EMRFD Message Archive 13206

Message Date From Subject
13206 2016-10-12 18:42:29 Jim Leslie 3rd order Input Intercept calculation
In Feb 1993 QST there is an article by Jacob Makhinson "A high dynamic range MF/HF receiver front end". At the beginning of the article in
the spectrum analyzer picture, he states "...the 3rd order intermod products at 8970 and 9010kHz are down 64dB relative to either
test signal. This equates to a 3rd order input intercept of +42dBm".
I've spent a bit of time on this & I'm hoping this is not too trivial, but I'd like to understand the math involved to arrive at the above result.
thx & 73
Jim Leslie
VE6JF
13207 2016-10-12 20:44:12 Bill Carver Re: 3rd order Input Intercept calculation
Rather than pop out some formula, since you want to understand what's involved, I came up with this rationale. It may, or may not, give some insight into the IMD/intercept math. Here goes:

Given the answer of +42 third order intercept, and the IMD being 64 dB below the incident tones, we can work backwards.
What +42 intercept means, is the third order IMD and the incident signals were projected to have the same amplitude, to meet, at +42 dBm. IE, with inputs = +42 dBm the third order IMD will also be +42 dBm.
As the incident signal amplitudes are reduced the third order IMD drops three times as fast. So if the incident signal drops 1 dB to +41, IMD will drop by 3 dB to +39. The 1 dB drop in incident produced a 2 dB difference between either of the incident tones and either third order IMD product. Jacob says in his test that difference was 64 dB. To get 64 dB difference the incident tones would have to drop 32 dB. So if equal at +42, the incident tones must be +10 dBm. And the third order IMD would drop by three times that, by 96 dB to (+42 - 96 = -54 dBm).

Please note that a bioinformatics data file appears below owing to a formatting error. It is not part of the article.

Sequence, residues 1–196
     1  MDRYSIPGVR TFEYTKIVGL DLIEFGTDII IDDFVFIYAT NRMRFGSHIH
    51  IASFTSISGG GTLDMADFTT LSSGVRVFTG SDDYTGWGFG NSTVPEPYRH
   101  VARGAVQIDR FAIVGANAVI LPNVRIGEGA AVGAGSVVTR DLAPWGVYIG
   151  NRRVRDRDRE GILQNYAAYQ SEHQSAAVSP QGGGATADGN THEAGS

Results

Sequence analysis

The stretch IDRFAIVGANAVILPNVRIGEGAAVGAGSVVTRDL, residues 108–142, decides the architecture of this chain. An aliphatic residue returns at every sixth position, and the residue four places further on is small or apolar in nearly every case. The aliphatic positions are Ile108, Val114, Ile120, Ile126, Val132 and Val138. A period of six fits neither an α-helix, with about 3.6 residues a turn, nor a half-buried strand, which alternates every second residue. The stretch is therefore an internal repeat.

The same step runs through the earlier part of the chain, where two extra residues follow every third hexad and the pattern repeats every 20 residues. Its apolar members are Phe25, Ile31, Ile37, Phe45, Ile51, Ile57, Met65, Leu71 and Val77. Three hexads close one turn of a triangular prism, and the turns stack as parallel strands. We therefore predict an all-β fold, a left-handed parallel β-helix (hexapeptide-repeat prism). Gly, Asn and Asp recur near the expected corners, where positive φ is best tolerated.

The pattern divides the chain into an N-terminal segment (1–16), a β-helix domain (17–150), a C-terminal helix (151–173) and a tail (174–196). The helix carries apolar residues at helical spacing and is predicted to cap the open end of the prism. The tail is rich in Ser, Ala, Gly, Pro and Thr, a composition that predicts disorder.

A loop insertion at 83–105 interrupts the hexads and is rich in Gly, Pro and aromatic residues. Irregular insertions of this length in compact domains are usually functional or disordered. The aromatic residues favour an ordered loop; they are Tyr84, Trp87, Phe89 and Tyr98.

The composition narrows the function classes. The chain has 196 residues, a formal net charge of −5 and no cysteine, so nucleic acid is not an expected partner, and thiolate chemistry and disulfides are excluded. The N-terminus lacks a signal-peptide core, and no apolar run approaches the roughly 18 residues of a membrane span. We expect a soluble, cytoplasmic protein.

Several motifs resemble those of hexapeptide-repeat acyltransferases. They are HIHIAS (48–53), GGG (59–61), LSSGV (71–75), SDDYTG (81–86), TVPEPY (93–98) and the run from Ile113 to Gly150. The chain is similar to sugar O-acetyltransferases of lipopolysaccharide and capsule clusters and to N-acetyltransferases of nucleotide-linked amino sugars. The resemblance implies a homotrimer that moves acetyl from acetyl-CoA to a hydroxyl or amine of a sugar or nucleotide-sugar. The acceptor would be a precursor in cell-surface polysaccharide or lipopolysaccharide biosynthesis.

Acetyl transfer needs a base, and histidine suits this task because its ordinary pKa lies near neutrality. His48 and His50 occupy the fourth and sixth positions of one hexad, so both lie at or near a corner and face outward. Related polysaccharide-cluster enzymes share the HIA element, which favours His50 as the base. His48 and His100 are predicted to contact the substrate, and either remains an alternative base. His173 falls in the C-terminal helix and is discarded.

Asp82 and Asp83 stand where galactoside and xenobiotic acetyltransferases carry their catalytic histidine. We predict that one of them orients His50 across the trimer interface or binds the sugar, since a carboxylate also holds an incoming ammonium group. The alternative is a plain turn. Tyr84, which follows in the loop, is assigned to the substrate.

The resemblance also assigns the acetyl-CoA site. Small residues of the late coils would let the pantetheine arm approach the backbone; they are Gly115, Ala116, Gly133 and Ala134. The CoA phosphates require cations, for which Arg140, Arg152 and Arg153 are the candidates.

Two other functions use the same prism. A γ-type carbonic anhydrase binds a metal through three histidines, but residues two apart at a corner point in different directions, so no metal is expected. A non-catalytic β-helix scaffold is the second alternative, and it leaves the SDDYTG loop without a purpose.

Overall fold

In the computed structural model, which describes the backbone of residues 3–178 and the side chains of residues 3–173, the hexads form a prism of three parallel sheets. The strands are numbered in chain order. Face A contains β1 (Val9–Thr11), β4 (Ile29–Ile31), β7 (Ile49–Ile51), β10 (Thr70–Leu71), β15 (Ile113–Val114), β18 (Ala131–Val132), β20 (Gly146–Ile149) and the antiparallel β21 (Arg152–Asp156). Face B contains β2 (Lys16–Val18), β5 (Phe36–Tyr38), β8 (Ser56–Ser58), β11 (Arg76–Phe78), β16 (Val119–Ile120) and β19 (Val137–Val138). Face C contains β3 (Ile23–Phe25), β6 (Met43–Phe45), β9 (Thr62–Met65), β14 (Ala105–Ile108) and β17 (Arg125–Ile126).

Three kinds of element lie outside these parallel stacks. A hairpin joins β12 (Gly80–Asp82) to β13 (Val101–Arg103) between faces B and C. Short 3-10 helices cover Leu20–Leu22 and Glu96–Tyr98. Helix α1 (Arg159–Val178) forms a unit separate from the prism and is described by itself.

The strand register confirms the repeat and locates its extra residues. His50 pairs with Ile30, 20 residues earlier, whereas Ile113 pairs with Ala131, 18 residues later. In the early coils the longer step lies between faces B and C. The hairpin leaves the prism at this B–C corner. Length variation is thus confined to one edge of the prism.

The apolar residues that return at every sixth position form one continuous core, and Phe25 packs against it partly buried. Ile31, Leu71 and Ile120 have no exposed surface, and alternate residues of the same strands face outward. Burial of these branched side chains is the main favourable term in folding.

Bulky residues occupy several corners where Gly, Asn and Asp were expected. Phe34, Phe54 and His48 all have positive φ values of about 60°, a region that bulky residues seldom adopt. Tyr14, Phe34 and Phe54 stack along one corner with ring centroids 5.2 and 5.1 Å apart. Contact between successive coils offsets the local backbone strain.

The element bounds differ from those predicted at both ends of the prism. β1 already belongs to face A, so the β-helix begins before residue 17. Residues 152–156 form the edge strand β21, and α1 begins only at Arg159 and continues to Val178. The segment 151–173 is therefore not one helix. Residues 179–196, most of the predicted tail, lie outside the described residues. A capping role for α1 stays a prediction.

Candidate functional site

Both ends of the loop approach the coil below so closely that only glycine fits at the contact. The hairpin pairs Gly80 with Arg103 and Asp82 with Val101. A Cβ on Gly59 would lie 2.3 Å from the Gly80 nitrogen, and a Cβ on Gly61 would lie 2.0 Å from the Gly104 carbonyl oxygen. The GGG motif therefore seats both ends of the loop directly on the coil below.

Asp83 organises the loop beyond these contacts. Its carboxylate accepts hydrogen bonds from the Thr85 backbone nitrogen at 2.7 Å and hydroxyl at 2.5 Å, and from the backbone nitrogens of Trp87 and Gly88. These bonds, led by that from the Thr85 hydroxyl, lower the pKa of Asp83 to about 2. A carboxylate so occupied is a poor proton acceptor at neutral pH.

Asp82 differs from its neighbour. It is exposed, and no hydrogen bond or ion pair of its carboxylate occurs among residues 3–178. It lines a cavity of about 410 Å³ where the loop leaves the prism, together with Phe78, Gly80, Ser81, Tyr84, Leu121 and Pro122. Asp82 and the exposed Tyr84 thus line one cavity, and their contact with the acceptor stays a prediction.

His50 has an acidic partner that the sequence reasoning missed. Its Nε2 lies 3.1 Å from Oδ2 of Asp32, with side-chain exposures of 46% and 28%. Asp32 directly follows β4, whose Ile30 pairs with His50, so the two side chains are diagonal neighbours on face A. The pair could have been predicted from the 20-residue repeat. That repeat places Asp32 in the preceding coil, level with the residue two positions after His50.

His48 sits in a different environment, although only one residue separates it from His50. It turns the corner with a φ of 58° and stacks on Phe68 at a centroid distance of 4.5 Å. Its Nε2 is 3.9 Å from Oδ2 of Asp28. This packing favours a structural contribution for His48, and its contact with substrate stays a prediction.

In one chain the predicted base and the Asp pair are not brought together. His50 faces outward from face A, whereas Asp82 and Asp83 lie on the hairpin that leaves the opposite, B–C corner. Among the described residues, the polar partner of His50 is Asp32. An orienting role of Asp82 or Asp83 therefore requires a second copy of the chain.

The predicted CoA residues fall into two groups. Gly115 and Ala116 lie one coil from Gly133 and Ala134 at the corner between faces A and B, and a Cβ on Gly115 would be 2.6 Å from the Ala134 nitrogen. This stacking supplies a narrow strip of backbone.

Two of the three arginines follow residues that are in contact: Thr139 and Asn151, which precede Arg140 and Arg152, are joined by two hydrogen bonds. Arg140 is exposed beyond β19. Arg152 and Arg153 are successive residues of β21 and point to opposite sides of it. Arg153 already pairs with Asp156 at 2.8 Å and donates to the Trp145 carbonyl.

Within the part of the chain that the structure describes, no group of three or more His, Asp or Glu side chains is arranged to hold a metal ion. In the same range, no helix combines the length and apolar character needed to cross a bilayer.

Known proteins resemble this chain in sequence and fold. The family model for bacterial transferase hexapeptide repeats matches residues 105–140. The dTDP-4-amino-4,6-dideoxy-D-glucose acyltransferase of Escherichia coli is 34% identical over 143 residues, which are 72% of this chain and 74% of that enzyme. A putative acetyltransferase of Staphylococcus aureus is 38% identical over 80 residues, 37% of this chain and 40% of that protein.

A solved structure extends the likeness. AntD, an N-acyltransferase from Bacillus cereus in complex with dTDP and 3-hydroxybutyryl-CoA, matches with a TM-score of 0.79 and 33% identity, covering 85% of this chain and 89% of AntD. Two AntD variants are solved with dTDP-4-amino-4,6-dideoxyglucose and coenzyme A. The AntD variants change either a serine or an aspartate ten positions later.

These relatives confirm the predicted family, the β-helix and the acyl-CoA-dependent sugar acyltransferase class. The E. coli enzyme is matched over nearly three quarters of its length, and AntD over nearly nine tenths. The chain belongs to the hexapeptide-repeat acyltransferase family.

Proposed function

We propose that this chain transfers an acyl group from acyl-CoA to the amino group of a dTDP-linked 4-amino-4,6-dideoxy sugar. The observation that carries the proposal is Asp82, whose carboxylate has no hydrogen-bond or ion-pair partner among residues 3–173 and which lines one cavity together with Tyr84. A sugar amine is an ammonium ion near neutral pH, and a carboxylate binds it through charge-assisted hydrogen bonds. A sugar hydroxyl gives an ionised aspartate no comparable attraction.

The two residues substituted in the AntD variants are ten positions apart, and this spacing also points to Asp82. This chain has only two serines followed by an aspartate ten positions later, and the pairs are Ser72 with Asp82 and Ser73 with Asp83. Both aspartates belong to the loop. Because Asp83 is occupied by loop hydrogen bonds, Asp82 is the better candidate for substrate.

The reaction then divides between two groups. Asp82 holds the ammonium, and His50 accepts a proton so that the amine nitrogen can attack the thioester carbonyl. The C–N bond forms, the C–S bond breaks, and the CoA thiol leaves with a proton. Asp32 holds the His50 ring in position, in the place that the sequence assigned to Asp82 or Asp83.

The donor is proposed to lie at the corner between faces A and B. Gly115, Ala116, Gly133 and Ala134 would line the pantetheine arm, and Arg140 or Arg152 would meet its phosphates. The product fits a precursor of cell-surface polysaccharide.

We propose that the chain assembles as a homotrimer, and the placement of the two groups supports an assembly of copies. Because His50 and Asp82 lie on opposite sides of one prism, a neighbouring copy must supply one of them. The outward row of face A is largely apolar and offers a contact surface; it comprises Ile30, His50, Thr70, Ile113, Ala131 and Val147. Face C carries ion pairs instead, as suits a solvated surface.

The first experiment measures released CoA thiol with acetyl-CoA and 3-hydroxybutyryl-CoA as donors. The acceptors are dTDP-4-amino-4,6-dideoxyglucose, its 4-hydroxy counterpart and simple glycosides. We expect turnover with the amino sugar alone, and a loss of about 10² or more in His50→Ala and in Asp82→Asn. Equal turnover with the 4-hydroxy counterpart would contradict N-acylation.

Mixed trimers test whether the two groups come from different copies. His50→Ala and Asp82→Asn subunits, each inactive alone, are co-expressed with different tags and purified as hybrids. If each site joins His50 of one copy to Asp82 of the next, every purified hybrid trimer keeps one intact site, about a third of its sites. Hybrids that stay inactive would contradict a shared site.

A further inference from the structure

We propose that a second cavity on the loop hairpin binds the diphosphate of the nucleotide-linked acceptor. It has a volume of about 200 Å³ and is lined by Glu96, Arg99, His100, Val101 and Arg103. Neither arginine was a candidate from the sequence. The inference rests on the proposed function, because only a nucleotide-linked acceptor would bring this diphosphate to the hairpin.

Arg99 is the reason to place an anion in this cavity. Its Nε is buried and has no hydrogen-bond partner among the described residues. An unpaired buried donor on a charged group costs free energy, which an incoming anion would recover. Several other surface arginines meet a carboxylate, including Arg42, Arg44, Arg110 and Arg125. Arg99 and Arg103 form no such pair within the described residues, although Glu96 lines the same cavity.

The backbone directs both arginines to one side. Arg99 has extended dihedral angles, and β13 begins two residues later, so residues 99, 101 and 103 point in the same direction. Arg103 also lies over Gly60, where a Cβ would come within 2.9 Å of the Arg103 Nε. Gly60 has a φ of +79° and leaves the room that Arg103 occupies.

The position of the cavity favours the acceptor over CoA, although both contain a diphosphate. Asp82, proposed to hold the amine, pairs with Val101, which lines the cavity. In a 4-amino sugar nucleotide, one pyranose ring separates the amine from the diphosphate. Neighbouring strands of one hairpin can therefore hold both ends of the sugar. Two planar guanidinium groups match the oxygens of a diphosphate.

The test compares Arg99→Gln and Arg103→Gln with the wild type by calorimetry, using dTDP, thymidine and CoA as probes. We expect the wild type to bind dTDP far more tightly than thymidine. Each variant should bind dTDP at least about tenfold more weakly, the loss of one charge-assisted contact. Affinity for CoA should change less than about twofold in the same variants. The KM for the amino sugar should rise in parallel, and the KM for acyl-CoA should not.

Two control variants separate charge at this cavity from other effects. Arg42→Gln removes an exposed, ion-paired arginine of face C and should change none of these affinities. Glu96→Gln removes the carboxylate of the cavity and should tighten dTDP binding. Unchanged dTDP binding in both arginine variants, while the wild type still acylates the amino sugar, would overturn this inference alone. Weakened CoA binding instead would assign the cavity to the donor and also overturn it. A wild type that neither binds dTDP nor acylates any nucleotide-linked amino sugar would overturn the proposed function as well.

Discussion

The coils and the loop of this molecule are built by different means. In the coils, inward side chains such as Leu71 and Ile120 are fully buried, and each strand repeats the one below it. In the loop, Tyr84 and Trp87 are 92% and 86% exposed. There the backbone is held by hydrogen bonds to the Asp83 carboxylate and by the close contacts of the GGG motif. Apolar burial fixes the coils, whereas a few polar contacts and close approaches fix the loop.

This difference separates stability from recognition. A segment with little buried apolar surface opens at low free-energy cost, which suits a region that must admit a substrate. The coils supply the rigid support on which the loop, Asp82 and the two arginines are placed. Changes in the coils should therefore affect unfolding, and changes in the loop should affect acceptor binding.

So the applied tones with +10 dBm, the IMD was -54 dBm. Going full circle now, increasing the +10 to +42 is a 32 dB increase. The IMD must increase by 96 dB from -54 to +42 dBm.

You're told you can draw a picture of the 1:1 slope of incident signal, and 1:3 slope of the IMD, intersecting at +42.
The graphical equivalent of my verbal description is the reverse: START at the +42 meeting point, drawing two lines down and to the left at 1:1 and 1:3 slopes until the difference between them is 64 dB.

Once you get the concept Jim, you don't need to know a formula.

Good 'ol Jake. Good engineer. Met him for lunch a few times, many decades ago. Wonder what he's doing these days? Probably retired by now.

Bill - W7AAZ

13208 2016-10-13 06:58:17 Jim Leslie Re: 3rd order Input Intercept calculation
Thanks for that great explanation Bill! I don't get it yet, but after sitting down with morning coffee and reading it a dozen times and actually
going through the exercise of drawing it all out on paper, I will. :)
73 Jim

13209 2016-10-13 22:43:38 Jim Leslie Re: 3rd order Input Intercept calculation
I think I may have it. After some pondering and also re-reading the section in EMRFD p2-22 a couple more times, it is starting to make sense. So: if I see for example the 3rd
order products down 52 dB it would correspond to IIP3 of 36dBm right?
jim

13210 2016-10-13 23:37:41 Bill Carver Re: 3rd order Input Intercept calculation
13211 2016-10-14 09:56:14 vasilyivanenko Re: 3rd order Input Intercept calculation
Thanks Bill for the super earlier explanation --  and greetings all..

Some people I've helped with this found easy web-based "simulation tools" helpful. For example
IP3 Calculator

Changpuak -- his entire website offers great learning + proves interesting for those who code, solder and measure in the RF hobby

Respectfully, T/V
13212 2016-10-14 11:15:16 Jim Leslie Re: 3rd order Input Intercept calculation